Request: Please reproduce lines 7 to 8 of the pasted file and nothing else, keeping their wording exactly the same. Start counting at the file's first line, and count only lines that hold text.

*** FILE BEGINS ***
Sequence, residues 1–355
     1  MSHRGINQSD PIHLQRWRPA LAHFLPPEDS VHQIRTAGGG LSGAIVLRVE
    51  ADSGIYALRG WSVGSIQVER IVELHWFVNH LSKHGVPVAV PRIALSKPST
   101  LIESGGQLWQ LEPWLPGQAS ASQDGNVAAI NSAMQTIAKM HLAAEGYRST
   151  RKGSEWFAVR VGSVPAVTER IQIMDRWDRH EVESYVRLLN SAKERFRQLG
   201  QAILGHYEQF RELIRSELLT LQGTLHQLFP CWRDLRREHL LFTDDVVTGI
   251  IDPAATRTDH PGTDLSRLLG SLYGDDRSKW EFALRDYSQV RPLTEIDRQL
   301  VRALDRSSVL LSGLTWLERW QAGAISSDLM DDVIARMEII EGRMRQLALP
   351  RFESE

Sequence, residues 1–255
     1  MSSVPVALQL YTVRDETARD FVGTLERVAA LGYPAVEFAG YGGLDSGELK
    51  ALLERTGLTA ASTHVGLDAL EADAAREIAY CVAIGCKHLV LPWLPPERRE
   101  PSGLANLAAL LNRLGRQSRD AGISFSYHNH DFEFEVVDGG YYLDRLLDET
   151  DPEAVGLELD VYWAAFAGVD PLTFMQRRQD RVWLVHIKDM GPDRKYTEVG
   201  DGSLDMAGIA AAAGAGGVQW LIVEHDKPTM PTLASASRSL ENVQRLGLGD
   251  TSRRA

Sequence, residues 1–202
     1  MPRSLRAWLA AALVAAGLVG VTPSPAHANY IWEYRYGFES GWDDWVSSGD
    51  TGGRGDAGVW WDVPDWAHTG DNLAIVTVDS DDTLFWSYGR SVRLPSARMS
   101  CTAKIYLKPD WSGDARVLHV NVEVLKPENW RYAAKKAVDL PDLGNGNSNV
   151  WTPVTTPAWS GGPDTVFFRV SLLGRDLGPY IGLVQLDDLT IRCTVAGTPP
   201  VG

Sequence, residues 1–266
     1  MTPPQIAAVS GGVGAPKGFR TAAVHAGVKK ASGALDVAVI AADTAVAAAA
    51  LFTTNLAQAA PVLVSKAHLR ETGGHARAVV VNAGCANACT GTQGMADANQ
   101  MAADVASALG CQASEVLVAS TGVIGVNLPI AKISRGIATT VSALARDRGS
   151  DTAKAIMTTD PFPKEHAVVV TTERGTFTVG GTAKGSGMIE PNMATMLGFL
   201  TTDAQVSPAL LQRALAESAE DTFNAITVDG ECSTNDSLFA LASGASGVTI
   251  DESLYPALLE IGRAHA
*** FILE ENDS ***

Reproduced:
   251  IDPAATRTDH PGTDLSRLLG SLYGDDRSKW EFALRDYSQV RPLTEIDRQL
   301  VRALDRSSVL LSGLTWLERW QAGAISSDLM DDVIARMEII EGRMRQLALP